Figure 1. Making macrocycles RaPID-ly. A team from The University of Tokyo has developed a method called RaPID for generating libraries of trillions of N-methylated peptide macrocycles displayed on mRNA. First, a cDNA library is generated (red bar) that encodes 8-15 residue-long peptides containing a mixture of natural and non-natural amino acids [a]. The cDNA library is transcribed to an mRNA library and subsequently linked to a second mRNA oligonucleotide that terminates in a puromycin residue (black circle) [b].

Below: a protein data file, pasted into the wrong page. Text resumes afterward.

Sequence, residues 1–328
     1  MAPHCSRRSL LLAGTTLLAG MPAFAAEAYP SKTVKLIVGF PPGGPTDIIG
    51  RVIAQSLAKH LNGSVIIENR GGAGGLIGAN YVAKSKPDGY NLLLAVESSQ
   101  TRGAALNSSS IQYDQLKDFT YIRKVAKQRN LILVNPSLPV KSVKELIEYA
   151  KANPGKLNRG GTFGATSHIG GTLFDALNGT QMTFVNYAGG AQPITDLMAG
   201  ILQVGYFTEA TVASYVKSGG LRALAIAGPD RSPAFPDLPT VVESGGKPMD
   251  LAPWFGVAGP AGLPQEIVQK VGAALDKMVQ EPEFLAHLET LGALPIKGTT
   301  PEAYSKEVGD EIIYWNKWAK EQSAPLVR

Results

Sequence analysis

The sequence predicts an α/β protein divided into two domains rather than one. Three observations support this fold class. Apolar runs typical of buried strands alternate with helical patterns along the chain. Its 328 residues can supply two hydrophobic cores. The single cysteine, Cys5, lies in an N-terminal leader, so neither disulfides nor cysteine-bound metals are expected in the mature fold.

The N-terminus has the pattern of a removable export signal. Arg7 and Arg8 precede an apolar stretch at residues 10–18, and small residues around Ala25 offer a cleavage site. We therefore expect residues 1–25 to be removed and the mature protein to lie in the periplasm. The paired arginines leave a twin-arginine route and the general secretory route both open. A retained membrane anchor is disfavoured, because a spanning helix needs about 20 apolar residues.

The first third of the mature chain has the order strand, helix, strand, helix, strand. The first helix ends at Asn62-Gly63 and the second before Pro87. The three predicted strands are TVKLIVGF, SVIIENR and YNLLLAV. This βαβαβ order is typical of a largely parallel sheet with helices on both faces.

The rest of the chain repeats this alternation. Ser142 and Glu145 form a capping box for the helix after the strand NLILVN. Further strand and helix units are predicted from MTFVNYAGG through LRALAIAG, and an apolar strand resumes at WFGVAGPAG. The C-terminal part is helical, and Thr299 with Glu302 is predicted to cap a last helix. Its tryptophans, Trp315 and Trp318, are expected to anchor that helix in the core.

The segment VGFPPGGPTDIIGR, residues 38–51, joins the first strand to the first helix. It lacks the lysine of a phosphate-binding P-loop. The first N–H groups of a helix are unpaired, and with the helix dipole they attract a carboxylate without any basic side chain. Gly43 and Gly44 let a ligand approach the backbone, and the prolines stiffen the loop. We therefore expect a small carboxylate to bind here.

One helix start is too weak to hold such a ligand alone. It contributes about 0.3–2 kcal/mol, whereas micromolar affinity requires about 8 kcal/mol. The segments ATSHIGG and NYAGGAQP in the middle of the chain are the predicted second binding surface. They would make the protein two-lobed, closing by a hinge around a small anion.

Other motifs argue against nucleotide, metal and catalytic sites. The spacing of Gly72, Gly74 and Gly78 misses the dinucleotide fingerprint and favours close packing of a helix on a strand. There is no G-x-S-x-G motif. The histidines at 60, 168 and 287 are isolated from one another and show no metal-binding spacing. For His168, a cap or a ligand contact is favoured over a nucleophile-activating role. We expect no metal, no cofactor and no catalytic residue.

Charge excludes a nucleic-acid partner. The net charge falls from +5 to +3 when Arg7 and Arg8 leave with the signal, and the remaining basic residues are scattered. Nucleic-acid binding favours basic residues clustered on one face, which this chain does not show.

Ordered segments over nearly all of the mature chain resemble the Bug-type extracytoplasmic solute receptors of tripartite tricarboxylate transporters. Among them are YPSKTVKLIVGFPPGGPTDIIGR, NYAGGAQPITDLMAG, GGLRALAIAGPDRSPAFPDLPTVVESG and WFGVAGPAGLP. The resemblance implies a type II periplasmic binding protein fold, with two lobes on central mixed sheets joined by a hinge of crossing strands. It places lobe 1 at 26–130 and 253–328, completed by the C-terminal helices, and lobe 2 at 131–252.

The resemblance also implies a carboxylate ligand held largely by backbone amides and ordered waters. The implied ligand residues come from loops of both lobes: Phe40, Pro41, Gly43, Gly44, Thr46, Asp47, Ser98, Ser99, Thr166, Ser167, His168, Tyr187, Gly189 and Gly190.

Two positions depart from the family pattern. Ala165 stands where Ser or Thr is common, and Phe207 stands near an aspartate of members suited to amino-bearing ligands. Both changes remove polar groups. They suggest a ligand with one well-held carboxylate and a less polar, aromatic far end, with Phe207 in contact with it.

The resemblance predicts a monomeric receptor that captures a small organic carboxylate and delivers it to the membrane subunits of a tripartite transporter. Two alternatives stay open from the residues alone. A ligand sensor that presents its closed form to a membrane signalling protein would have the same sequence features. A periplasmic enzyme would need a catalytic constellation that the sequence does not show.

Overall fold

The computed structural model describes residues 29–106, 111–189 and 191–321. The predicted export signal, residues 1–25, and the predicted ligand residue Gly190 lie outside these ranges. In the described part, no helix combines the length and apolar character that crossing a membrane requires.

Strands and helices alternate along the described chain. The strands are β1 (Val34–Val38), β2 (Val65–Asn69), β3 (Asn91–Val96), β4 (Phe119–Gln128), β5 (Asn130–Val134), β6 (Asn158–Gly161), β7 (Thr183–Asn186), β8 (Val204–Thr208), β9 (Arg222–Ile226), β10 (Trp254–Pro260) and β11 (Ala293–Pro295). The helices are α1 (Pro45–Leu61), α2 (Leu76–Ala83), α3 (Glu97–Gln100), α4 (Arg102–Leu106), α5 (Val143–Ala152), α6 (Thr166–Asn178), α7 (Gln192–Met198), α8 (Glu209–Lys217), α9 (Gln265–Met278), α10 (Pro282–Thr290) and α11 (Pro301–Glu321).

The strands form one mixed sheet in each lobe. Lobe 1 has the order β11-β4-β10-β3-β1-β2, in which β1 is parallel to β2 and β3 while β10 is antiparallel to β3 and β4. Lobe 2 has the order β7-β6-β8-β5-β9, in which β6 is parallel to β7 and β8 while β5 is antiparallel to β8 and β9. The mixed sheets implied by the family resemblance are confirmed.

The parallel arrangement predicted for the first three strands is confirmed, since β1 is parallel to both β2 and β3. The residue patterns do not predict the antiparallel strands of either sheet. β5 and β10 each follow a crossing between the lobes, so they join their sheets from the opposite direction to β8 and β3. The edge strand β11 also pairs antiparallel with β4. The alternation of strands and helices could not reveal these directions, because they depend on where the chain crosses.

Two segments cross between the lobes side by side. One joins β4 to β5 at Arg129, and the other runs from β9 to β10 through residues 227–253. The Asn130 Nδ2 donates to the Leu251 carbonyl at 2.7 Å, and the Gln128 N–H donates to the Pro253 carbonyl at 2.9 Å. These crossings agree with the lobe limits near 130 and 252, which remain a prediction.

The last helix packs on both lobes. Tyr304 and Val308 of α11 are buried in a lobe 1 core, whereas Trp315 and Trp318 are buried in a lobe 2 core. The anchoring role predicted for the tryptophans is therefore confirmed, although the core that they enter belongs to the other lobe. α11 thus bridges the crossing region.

When the mRNA library is translated, the puromycin causes the growing peptide chain to remain linked to its mRNA template. The displayed macrocyclic peptides contain a linker region (gray), natural amino acids (yellow) and N-methylated amino acids (red) [c]. After selecting for macrocycles that bind to a desired target, binding molecules can be identified and/or amplified for a second round of selection by PCR of the linked mRNA template [d].